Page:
Daily Comment (April 14, 2016)

by Bill O’Grady and Kaisa Stucke

[Posted: 9:30 AM EDT] Oil prices are modestly higher after a small decline yesterday due to a higher than forecast weekly oil inventory report, which we cover below.  Prices were down until IEA headlines emerged indicating that the OECD’s oil monitoring body is expecting the oil market to balance later this year.  We would tend to agree with this position, although balancing the market doesn’t address the massive inventory overhang that will need to be worked off.  Still, balance means that the cyclical low in oil prices is probably in place.

Yesterday’s oil inventory data was a bit bearish, although it was somewhat offset by falling gasoline stockpiles.

Inventories have started to lag the usual seasonal pattern.  This is supportive for oil prices.

We would expect inventories to peak at 547.8 mb over the next three weeks from 536.5.  Assuming a stable EUR of around 1.1375, fair value for oil is just under $38 per barrel.  Thus, prices are a bit overvalued, mostly due to expectations of positive OPEC news on Sunday.  We wouldn’t be surprised to see choppy markets over the next week or so as the OPEC news is likely discounted.  However, as noted above, the lows are likely in place and we should see better oil prices as we move into summer.

Another somewhat overlooked factor for oil that we are starting to take note of is that the regulatory burden on energy production is starting to increase.  The Obama administration released its offshore drilling regulations and the response from industry is that the new rules will kill numerous projects.  Exxon-Mobil (XOM, 84.83) told Bloomberg that the rule will cost $25 bn over 10 years, which is 25x the government’s estimate.  We also note that there are increasing regulations on onshore drilling as well.  One of the fears in the marketplace is that if oil prices recover, oil companies in the U.S. can quickly bring new production to market and kill off any rallies.  That scenario becomes less likely if the regulatory environment increases the costs of new projects.  In other words, regulation affects breakeven costs and projects will face higher hurdles and supply will contract as regulations rise.

With today’s inflation data, we can update our versions of the Mankiw rule model.  This model attempts to determine the neutral rate for fed funds, which is a rate that is neither accommodative nor stimulative.  Mankiw’s model is a variation of the Taylor Rule.  The latter measures the neutral rate by core CPI and the difference between GDP and potential GDP, which is an estimate of slack in the economy.  Potential GDP cannot be directly observed, only estimated.  To overcome this problem with potential GDP, Mankiw used the unemployment rate as a proxy for economic slack.  We have created three versions of the rule, one that follows the original construction by using the unemployment rate as a measure of slack, a second that uses the employment/population ratio and a third using involuntary part-time workers as a percentage of the total labor force.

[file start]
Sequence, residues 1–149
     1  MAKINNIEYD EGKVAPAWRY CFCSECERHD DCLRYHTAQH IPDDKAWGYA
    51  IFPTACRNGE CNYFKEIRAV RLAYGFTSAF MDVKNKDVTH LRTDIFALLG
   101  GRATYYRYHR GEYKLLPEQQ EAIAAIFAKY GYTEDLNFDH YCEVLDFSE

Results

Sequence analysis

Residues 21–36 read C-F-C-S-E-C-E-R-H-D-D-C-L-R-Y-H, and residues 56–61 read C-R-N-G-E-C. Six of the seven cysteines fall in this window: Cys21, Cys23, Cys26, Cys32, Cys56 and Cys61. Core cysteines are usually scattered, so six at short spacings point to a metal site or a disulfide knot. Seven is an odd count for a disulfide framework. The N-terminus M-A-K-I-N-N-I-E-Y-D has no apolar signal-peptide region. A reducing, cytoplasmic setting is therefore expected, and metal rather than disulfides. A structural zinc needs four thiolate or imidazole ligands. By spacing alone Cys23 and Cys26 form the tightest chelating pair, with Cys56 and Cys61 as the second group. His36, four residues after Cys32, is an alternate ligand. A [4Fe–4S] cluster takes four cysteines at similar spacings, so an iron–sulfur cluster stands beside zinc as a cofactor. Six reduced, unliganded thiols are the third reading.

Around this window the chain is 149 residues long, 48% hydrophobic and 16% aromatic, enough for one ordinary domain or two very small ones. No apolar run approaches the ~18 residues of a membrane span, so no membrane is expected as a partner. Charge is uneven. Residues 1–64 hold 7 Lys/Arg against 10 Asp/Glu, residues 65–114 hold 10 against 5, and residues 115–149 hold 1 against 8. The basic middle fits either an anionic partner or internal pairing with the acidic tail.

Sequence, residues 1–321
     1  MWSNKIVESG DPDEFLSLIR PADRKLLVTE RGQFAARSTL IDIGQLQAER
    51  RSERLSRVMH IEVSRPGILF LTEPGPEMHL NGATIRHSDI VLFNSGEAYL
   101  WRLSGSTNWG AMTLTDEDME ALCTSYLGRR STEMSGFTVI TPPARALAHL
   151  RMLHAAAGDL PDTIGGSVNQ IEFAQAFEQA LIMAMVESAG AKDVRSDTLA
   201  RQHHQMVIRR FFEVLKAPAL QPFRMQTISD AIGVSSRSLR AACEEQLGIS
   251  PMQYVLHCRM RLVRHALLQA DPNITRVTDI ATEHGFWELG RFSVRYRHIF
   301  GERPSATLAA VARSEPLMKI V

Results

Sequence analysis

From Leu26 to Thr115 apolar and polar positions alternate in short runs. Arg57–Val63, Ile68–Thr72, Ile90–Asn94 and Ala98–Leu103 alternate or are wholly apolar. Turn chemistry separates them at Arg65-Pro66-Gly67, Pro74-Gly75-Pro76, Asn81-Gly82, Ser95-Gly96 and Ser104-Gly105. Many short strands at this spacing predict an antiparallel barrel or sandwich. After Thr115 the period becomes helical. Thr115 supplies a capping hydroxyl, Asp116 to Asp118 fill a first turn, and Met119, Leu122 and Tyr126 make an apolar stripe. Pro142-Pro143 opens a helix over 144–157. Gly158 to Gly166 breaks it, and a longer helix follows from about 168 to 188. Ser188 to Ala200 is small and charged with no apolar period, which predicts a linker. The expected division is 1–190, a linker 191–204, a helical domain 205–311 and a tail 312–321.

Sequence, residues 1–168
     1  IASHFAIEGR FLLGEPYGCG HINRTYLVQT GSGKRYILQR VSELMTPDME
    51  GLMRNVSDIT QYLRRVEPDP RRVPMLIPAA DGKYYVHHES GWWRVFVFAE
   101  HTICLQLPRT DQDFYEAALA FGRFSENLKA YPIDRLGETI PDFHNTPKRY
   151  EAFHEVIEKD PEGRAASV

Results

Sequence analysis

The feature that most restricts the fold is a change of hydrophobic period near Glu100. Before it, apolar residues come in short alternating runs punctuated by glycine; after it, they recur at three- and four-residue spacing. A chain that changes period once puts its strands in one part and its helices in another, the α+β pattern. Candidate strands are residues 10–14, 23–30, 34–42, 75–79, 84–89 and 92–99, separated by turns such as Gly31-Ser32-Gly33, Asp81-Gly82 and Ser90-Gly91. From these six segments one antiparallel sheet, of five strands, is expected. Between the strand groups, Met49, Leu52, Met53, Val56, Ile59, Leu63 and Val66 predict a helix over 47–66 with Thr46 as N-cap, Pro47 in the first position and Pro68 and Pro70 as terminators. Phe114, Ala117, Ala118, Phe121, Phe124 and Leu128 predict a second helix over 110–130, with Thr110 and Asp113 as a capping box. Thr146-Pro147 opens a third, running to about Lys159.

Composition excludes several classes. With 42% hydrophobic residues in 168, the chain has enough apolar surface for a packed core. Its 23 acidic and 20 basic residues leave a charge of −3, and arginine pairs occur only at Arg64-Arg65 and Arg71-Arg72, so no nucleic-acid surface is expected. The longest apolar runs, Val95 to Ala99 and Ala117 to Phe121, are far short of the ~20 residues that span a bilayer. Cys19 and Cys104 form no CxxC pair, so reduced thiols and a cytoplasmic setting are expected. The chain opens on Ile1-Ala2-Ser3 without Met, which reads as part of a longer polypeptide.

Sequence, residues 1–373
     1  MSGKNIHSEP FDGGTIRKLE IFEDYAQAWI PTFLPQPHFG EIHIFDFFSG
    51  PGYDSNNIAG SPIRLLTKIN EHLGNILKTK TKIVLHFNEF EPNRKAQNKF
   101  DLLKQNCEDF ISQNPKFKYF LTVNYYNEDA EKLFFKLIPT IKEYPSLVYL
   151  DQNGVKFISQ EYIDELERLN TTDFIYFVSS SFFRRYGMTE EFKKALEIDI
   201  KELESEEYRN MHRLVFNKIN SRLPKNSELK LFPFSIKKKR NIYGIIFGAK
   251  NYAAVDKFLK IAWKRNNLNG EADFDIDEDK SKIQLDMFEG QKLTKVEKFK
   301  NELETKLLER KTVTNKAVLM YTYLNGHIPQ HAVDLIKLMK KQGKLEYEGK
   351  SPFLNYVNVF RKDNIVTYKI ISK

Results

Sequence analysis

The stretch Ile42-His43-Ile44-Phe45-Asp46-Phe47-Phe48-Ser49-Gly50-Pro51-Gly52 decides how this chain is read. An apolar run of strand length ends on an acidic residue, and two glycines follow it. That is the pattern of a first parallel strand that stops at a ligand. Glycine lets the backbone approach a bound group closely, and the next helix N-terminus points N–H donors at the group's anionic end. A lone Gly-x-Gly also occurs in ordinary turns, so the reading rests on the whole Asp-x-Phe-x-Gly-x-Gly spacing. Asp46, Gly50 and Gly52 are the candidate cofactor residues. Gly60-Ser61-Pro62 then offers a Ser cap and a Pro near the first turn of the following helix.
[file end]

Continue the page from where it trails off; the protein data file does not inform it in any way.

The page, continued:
Using the unemployment rate, the neutral rate is now up to 3.64%, suggesting the FOMC is well behind the curve.  Using the employment/population ratio, the neutral rate is 1.41%, indicating that, even using the most dovish variation, the FOMC needs a rate hike of at least 100 bps to achieve neutral policy.  Finally, using involuntary part-time employment, the neutral rate is 2.71%.  Although these neutral rate estimates are well above the current target, it is important to note they have all declined by 20 to 30 bps over recent estimates.  First, core CPI declined to 2.19% from 2.30% and improving labor markets are boosting the labor force, leading to a higher unemployment rate and fewer involuntary part-time workers.  The drop in the estimate using the employment/population ratio is fully due to the drop in inflation as the ratio is showing strong improvement.  However, we can safely argue that if the FOMC believes in the Phillips Curve then, according to any measure, it should be lifting rates.  We suspect that the dollar may have, at least for now, become a better indicator of monetary policy.  With the dollar still relatively strong, we expect Fed policy to remain stable.

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